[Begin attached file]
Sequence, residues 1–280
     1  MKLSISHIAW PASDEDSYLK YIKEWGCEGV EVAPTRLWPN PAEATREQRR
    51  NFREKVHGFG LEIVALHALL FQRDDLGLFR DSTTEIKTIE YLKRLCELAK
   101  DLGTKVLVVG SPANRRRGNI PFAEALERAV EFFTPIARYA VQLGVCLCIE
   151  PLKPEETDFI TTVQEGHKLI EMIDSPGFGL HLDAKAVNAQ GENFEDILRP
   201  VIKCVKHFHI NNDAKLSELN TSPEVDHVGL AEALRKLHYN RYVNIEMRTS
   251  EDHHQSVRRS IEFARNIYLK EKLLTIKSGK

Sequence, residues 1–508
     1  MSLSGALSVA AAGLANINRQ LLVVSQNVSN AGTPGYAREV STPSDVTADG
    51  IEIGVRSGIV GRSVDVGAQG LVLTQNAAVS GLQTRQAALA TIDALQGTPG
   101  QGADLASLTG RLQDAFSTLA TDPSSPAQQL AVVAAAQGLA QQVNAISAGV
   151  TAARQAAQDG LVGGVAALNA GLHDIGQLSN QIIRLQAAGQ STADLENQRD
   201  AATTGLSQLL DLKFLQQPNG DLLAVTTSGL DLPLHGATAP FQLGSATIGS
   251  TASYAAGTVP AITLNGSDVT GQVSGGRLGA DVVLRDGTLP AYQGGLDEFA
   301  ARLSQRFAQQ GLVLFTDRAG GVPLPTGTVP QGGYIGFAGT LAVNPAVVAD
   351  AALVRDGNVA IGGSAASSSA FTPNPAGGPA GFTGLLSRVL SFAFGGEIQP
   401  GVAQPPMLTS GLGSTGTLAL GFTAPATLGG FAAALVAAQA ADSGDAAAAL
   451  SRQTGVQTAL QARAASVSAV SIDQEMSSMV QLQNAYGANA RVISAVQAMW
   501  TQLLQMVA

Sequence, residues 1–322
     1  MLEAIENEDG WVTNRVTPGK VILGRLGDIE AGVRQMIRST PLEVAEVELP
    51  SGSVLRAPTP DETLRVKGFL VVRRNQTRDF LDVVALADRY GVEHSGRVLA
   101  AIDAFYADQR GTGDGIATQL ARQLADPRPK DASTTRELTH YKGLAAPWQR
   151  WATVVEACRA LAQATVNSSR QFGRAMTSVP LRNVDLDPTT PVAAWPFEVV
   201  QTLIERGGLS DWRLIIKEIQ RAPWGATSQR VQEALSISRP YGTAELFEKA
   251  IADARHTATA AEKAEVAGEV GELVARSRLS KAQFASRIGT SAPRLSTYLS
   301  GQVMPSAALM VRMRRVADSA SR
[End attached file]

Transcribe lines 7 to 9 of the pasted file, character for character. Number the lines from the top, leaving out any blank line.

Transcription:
   251  EDHHQSVRRS IEFARNIYLK EKLLTIKSGK

Sequence, residues 1–508
     1  MSLSGALSVA AAGLANINRQ LLVVSQNVSN AGTPGYAREV STPSDVTADG